What does the Baltimore bridge collapse mean for auto dealers?

April 10, 2024

Team ACV




What does the Baltimore bridge collapse mean for auto dealers?

ACV facts & figures

No items found.
 Francis Scott Key bridge at a Baltimore

A 948-foot container ship crashed into Francis Scott Key bridge at a Baltimore, MD, port early in the morning on Tuesday, March 26. The crash has resulted in numerous casualties and injuries. In addition to the tragic impact the crash had, the destruction of key infrastructure has the potential to bring long-term consequences to the shipping industry.1 

The automotive industry is one of many sectors that will be affected. In this article, we will explore the existing information and expectations around delays or changes in vehicle shipments.

The Importance of the Port of Baltimore for the Auto Industry

As a result of the crash, all traffic to the Port of Baltimore has been suspended indefinitely. For context, this port is the busiest in the US for shipments of cars—covering more than 750,000 vehicles in 2022, and 847,158 autos and light trucks in 2023—more volume than any other port.1

Because of this, numerous supply chains are predicted to be disrupted in industries spanning automotives, coal, sugar, and more. This will likely “create bottlenecks and increase delays and costs in the Northeastern seaboard” according to Automotive News.1

Which Car Manufacturers will be Impacted?

The Baltimore port handles the import and export of parts from auto companies like Nissan, Toyota, GM, Ford, Subaru, Mazda, Volvo, Land Rover, and the VW group. While we know that shipments to and from this location are currently paused, the impact of further disruptions across the industry is likely to increase, and the full potential effects are not yet known.1

Some companies have outlined the impacts they foresee or have already begun to experience: 

  • VW: The location of its facilities means that they have thus far remained unaffected.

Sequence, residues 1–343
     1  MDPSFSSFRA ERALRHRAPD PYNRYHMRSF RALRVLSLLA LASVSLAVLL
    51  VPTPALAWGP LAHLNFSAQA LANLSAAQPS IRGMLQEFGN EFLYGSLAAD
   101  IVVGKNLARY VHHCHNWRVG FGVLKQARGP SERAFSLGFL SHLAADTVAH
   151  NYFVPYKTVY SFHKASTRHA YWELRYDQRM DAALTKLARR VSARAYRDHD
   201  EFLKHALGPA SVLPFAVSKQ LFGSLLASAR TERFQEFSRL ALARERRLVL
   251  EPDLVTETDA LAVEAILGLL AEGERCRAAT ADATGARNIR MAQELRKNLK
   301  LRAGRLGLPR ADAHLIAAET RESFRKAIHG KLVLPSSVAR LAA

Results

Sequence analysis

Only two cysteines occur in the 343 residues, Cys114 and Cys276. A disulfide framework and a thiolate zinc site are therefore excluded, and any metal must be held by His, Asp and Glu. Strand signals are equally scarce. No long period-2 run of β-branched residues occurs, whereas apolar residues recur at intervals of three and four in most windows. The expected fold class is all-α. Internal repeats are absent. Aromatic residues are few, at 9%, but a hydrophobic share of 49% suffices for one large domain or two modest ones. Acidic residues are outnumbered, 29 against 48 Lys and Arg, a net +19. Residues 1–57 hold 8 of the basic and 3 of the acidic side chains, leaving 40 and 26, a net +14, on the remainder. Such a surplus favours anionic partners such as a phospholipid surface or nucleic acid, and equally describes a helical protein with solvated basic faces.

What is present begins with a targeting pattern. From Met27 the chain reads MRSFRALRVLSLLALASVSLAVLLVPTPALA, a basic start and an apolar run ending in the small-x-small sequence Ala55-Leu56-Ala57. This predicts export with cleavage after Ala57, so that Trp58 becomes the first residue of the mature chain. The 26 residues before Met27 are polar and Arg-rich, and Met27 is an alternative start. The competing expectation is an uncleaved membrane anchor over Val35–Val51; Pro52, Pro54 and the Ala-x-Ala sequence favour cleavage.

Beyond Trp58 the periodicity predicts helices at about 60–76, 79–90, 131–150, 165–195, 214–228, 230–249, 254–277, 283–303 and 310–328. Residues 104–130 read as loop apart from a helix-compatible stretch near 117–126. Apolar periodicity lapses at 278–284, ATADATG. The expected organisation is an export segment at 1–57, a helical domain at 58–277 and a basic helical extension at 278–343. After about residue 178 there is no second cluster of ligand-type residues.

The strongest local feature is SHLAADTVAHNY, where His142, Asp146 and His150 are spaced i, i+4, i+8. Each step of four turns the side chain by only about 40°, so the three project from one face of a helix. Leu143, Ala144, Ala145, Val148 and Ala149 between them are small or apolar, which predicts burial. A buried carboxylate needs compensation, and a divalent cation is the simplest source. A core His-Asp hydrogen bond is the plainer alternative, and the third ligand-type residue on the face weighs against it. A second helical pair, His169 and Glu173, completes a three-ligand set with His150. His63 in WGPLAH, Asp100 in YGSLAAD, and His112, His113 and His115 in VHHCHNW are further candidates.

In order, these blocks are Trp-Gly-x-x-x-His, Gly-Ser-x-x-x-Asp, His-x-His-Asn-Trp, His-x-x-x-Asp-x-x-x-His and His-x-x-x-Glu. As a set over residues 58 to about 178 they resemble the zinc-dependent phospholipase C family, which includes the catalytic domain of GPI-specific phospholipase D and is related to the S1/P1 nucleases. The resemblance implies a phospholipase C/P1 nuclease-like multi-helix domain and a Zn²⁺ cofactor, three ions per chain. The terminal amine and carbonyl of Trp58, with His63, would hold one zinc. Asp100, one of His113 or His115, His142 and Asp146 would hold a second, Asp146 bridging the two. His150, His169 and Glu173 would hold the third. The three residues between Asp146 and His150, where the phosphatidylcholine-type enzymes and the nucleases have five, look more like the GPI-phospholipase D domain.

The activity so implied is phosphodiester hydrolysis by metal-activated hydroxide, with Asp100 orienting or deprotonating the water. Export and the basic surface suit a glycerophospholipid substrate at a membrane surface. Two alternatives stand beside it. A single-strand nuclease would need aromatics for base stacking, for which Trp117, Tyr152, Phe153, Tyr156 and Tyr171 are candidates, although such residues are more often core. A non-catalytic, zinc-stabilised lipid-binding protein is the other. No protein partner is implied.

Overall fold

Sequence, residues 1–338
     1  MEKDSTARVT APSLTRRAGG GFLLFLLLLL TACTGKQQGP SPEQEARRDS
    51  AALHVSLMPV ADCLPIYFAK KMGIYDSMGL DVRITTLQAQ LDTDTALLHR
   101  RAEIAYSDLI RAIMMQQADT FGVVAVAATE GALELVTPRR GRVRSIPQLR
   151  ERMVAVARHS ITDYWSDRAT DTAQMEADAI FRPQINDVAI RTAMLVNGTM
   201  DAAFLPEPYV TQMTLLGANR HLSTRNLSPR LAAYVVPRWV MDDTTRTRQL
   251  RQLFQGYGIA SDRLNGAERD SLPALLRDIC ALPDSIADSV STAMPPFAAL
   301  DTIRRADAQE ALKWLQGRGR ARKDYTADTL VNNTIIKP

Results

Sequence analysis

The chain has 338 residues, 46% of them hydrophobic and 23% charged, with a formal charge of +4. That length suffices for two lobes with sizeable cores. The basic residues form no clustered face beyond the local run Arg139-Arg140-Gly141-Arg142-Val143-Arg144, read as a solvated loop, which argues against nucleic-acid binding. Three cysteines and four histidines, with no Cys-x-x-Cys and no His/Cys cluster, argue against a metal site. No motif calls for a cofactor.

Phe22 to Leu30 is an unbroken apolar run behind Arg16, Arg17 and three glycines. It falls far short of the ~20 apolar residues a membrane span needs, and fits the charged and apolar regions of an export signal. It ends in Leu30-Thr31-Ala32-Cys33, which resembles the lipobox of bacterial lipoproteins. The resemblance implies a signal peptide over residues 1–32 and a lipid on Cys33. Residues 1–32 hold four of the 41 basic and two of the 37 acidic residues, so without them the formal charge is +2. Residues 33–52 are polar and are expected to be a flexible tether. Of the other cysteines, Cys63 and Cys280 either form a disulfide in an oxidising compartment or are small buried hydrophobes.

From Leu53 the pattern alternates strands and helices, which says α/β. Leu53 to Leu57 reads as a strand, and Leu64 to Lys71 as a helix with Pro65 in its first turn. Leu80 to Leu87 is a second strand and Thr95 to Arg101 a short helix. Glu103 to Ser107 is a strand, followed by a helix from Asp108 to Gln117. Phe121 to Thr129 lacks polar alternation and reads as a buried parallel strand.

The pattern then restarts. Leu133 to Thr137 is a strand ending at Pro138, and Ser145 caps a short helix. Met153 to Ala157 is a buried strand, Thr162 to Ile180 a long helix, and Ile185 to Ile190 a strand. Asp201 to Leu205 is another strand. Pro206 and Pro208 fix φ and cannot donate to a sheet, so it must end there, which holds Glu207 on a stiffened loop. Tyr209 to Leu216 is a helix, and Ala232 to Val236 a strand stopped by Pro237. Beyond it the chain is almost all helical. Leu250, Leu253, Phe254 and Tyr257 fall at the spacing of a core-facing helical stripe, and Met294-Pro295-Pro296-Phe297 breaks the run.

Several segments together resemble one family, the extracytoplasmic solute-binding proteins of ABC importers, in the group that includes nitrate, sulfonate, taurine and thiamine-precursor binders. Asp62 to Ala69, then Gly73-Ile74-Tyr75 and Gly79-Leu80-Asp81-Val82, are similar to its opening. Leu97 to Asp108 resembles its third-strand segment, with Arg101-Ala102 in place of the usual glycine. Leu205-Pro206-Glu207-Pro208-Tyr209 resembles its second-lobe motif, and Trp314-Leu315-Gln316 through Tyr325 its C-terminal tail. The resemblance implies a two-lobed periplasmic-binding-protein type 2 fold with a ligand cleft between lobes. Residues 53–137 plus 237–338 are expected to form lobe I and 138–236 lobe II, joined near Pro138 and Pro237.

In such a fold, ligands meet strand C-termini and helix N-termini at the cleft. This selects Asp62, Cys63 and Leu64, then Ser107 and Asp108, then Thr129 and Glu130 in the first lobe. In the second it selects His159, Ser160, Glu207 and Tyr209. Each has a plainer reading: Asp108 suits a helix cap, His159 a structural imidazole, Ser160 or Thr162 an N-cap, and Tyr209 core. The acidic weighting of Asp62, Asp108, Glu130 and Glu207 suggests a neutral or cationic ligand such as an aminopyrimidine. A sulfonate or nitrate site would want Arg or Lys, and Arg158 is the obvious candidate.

• Ford: Parts will have to be diverted to other ports, disrupting the supply chain. 
  • GM: Anticipating minimal impact. 
  • Mercedes-Benz: Continuing to monitor the situation to determine other route options. 
  • BMW: Anticipating short-term traffic delays but no additional immediate impact. 

Where will the shipments go?

Numerous other ports across the East Coast are going to be responsible for absorbing the rerouted shipping traffic, but this will certainly cause shipping delays and “upheaval,” according to the Associated Press.2

Ships that were supposed to go to Baltimore are waiting to be redirected elsewhere—if they haven’t been already. The delay for any ships originally scheduled in Baltimore is estimated to be at least 24 days.2

In the meantime, many ships are just drifting as they await further instructions and new port destinations. Some ports that may absorb Baltimore’s traffic include:

  • Philadelphia, PA
  • Wilmington, NC
  • Newark, NJ
  • Norfolk, VA
  • Charleston, SC
  • Jacksonville, FL
  • Several in Georgia 

Baltimore will still be handling some autos, like BMW and VW, since their port location was relatively unaffected.2 

What impact will these delays and reroutes have on costs?